New research from the United States on the relationship between school funding and outcomes shows that money matters in education for low income students. Its findings suggest that the ending of the Gonski funding plan by the Federal Government means that Australia has lost the opportunity to significantly improve the school results of disadvantaged children.
The new study shows that school finance reform in many US states has increased expenditure in low income school districts which improved school and later adult attainments of low income children. The increased school spending had a positive effect on the years spent in school and high school graduation rates for children from poor families. It also had positive effects on later adult earnings, family income, and adult poverty status. Continue reading “Research Study Shows that Increased Funding Delivers Better Outcomes for Low Income Students”
The Federal Budget is a disaster for public education in Australia. It has killed off the Gonski school funding increases for 2017-18 and 2018-19. Public schools stand to over $6 billion as a result. The unity ticket on school funding promised by Abbott and Pyne before the election has been completely shredded.
Continue reading “Abbott Govt Turns its Back on Public Schools and Disadvantaged Students”
Tuesday April 1, 2014
Following questions raised about its commitment to the Gonski funding for the two final years of the six year transition period, the Leader of the Opposition, Bill Shorten, has clarified Labor’s position. At a doorstop interview in Perth yesterday, Shorten gave an unequivocal commitment to the full Gonski funding.
Continue reading “Shorten Re-affirms Labor’s Commitment to the Full Gonski”
It seems that the
ACT Chamber of Commerce does not want to retain a highly-skilled workforce in
Canberra. Its proposal to cut expenditure on government schools threatens to
return ACT education to the dark ages of lower school participation rates and
Year 12 completion.
Continue reading “ACT Chamber of Commerce Needs Education”
The new PISA international test results highlight the need to implement a new school funding scheme to overcome disadvantage in education according to the public education advocacy group, Save Our Schools. SOS national convenor, Trevor Cobbold, said that the results show that Australia has failed to make any inroad into reducing inequity in education and, if anything, inequity has increased. Continue reading “PISA Test Results Prove that Increased Funding Should be Allocated to Disadvantaged Students and Schools”
The new National Plan for School Improvement (NPSI) consists of a new funding model for government and private schools, increased funding over six years and a range of new education policies. The new funding model is based on the framework recommended by the Gonski report, but there are some significant differences.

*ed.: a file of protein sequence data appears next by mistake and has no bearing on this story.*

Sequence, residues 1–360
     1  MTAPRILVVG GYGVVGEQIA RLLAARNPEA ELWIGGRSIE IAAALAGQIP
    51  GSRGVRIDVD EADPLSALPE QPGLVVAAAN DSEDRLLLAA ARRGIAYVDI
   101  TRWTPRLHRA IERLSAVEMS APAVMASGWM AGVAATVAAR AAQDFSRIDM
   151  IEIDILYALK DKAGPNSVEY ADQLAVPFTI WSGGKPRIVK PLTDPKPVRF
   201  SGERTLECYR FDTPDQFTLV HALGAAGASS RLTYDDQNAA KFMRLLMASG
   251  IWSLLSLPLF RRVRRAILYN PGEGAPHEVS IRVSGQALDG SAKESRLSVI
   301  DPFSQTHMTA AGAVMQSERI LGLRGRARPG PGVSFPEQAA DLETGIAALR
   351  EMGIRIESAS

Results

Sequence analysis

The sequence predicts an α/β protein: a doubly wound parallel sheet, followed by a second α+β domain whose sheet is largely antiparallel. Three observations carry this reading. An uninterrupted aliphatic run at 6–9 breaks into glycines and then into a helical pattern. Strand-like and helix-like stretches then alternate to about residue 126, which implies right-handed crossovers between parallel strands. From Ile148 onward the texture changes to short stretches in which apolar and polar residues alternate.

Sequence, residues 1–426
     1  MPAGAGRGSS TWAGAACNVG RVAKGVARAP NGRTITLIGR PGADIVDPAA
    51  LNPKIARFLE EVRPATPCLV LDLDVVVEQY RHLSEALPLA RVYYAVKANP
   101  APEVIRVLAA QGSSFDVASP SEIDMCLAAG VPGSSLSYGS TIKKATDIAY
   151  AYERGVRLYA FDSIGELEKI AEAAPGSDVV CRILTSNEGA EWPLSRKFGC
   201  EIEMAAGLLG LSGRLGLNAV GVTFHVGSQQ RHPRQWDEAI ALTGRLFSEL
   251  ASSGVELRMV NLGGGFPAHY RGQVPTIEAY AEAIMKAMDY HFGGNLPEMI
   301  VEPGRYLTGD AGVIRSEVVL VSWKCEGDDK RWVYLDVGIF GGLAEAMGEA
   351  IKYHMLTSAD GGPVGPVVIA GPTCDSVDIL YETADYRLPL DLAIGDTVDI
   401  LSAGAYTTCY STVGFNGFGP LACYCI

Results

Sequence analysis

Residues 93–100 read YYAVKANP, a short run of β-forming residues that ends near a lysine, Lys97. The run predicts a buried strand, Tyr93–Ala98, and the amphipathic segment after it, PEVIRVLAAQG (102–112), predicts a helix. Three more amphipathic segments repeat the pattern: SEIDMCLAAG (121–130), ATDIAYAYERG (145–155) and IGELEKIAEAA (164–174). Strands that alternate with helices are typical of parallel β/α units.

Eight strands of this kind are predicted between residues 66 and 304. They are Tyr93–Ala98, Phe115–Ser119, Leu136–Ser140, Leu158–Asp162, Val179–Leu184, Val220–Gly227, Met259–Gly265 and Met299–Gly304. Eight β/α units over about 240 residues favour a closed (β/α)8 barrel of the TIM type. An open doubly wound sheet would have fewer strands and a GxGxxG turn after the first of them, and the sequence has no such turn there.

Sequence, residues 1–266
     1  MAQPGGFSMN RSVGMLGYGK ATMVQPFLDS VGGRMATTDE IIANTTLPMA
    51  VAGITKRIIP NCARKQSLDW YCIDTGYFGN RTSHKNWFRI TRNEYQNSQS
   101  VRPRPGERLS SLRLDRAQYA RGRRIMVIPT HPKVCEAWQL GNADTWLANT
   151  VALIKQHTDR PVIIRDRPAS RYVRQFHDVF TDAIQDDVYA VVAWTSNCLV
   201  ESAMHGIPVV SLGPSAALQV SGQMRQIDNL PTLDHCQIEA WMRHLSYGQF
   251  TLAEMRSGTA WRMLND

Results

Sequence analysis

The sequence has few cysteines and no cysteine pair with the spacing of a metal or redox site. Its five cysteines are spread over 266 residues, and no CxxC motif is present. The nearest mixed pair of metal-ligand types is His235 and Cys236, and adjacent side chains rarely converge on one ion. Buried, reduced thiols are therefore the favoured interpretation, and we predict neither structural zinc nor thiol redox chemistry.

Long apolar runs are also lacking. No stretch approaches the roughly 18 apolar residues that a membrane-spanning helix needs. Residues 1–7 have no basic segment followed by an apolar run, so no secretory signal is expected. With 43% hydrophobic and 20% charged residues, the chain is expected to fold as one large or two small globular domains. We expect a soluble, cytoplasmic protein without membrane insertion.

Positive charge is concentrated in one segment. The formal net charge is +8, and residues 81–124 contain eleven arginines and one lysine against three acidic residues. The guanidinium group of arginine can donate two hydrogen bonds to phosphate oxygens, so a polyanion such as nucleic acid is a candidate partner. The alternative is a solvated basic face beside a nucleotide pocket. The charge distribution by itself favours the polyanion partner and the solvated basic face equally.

Continue reading “The New School Funding Plan”
A new review of research studies on the relationship between expenditure on schools and education outcomes has challenged the common view that more expenditure does not lead to better school performance. The review published by the UK Office for Standards in Education shows that numerous international studies conducted since the early 2000s show a positive impact of increased expenditure in schools, especially for disadvantaged students. The study adds to the weight of evidence supporting the new Gonski school funding model. Continue reading “More Evidence that Money Matters in Education”
This is a speech to a Gonski Information Forum in Perth by Trevor Cobbold on 6 June.
The new school funding plan passed by the House of Representatives last week is a potential watershed for school funding in Australia. It breaks new ground in the history of school funding with its focus on increasing equity in education. Its adoption of Gonski’s equity goals and principles sets the foundation for the future.
Continue reading “The Gillard School Funding Plan is a Watershed But is Not the Full Gonski”
The economic case for the $6.5 billion investment in disadvantaged schools and students recommended by the Gonski review of school funding is just as compelling as the equity and social justice case. Reducing educational inequity is as much an economic imperative as it is a social justice imperative. Continue reading “The Economic Case for Gonski”
The rebellion against high stakes testing in the United States that began early last year continues to grow. In recent weeks, there have been some significant developments with teachers in Seattle refusing to administer tests and Republican legislators in Texas deciding to cut back tests. Continue reading “The Rebellion Against Testing in the US Continues to Grow”